Construction accounting shares some bookkeeping practices with general accounting but has many unique features, such as revenue recognition based on percentage-of-completion, job costing, change orders, progress billings and retention. Since it is project-based, contractors must treat each new job as a unique profit center. Knowledge of construction accounting principles is vital to succeeding in the industry.
Why You Need to Understand the Difference
A construction company can only operate for a short time without strong and consistent accounting practices. The business is dynamic by nature and faces challenges such as changing scopes of work, complex cost estimates, and large overhead costs. Construction companies need to track costs, expenses, and production across each project separately, each having distinctive requirements and inputs.
What Makes Construction Accounting Unique?
Companies must track each project as a separate profit center with its own inputs, requirements, and production activities. For example, you shouldn't charge office administration costs to the project, but you should charge direct materials like lumber.
Construction accounting recognizes decentralized production, also called distributed production. Even though the company may have a permanent head office, labor occurs at various construction sites, each with unique requirements. Projects can be unpredictable, with fluctuating input costs that you need to track separately.
Due to the nature of the industry, construction contracts can span multiple years and phases. Issues like change orders, payment disputes, and retention can further complicate construction accounting for long-term contracts making tracking, reporting, revenue recognition, collection, and cash management difficult.
Construction companies may have a general ledger for the entire business, but the real focus is project-level job costing. Job costing is the practice of tracking costs and production activities associated with each project separately. While some expenses are easily identifiable, some indirect costs are not.
For example, how do you categorize the cost of maintenance and repairs for construction vehicles owned by the company while operating on multiple projects? Knowing how to treat such overhead is key to ensuring accurate accounting and decision-making.
Contract Revenue Recognition
Given the long-term nature of contracts, revenue recognition can be a challenge. There are two main approaches you could choose:
Percentage-of-Completion(GAAP) – Recognize project revenues and expenses over time and bill for work as it is completed based on comparing the estimated costs to actual costs.
Completed Contract Method(Tax Only) - Recognize project revenues and expenses after the project is complete.
These can be different for book and tax purposes. GAAP requires accrual percentage-of-completion, and tax returns can use multiple methods (cash, accrual, or completed contract).
The chosen mode of revenue recognition affects taxation and how the company realizes income. The ASC 606 Revenue Recognition Standards issued by the Financial Accounting Standards Board (FASB) stipulate how all companies engaged in customer contracts should recognize revenue.
Depending on the contract terms, the project owner can retain a certain percentage of payments until they are satisfied with the finished project. Upon completion of the project, after any final inspections, compliance certificates, or other requirements in the contract, the retainage is released and paid to the contractor.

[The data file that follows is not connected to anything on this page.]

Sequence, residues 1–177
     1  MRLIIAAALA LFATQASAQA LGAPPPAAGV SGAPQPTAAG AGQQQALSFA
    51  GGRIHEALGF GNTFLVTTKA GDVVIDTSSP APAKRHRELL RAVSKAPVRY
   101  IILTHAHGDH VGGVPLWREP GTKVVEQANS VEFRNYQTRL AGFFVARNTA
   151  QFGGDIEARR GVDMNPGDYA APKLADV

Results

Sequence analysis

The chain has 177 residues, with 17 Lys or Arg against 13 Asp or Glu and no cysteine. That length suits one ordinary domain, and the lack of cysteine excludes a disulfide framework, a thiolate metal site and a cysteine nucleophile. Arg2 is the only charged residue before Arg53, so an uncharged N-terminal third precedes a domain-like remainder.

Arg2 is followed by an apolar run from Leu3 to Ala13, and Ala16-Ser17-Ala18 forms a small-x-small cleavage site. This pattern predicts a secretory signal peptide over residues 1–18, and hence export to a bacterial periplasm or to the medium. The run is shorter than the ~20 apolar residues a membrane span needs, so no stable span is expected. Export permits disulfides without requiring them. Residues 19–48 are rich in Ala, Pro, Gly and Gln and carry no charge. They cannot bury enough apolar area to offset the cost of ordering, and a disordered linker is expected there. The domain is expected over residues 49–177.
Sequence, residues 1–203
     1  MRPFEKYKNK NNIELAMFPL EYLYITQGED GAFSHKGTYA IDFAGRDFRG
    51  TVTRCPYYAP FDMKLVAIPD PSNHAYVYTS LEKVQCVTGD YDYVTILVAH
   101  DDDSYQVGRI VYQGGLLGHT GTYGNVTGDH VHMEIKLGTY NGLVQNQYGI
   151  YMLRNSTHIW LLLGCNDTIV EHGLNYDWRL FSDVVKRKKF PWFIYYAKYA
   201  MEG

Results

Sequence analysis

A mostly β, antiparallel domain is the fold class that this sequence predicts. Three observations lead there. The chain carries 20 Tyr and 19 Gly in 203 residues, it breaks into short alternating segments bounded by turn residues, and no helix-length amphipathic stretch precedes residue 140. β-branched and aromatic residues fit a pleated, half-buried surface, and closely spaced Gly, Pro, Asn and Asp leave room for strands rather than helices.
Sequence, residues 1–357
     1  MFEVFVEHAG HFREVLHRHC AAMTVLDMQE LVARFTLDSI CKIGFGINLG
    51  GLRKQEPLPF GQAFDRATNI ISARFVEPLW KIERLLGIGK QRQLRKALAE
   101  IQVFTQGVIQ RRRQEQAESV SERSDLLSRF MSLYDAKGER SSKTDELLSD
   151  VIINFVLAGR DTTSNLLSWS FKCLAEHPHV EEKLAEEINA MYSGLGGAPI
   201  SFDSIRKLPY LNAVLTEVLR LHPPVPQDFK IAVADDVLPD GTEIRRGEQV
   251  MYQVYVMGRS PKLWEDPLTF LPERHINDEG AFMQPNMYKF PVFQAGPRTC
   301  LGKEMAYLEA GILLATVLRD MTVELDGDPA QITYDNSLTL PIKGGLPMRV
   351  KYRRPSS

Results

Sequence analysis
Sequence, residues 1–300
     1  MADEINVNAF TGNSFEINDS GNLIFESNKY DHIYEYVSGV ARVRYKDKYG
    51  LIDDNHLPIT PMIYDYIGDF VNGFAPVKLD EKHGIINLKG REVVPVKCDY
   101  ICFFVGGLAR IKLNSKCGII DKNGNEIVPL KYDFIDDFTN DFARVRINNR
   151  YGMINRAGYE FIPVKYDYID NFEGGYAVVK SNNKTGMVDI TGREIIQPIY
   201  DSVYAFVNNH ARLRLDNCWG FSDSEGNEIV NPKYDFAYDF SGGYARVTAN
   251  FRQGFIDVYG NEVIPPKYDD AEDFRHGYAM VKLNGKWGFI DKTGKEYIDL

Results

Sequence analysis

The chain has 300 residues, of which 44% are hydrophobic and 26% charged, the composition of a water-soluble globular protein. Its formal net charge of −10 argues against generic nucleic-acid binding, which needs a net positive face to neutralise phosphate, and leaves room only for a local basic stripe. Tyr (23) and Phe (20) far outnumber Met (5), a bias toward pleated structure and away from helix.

Specialized Construction Billing
The construction industry has multiple sectors (general, heavy highway, specialty sub, etc.) that operate under different types of contracts. Due to the varying nature of work, contractors often have different contract types for each job.
Fixed Price - Contract price is based on a detailed estimate made by the contractor and is typically a hard bid or negotiated bid. A hard bid leaves the risk on the contractor rather than the project owner, while a negotiated bid may account for unforeseen circumstances, lowering contractor risk. Fixed price contracts are typically billed as the job progresses (percentage-of-completion) and will withhold retainage.
Time & Material - Contract price is based on hourly labor rates, material costs, and overhead at marked-up rates, which puts the project owner at risk.
Unit Price - The contractor charges the project owner a fixed price per unit rate (such as per mile of highway paved), which shares the risk between the owner and the contractor as quantities may end up higher or lower than the original estimate.
Another complex factor of construction accounting is payroll. Due to the varying nature of contracts, type of work, and location (city, state, etc.), there are multiple factors that may impact payroll, including wage requirements, compliance standards, union agreements, workers' compensation insurance, and other factors that must be considered. Additionally, these must be job costed.
Lutz Can Help!
Construction accounting may be complex, but the Lutz Construction Accounting and Consulting team has extensive experience in the field. As the only member of the Construction Industry CPAs/Consultants Association (CICPAC) in the area, our experience and affiliations mean you get unparalleled resources to help your business grow. Get in touch with us to learn more about our construction accounting and consulting services.
We work to simplify complexities, help make critical business decisions, and confidently focus on the things that are truly important to you. We embrace your business as our own to spark the right solutions and help you thrive.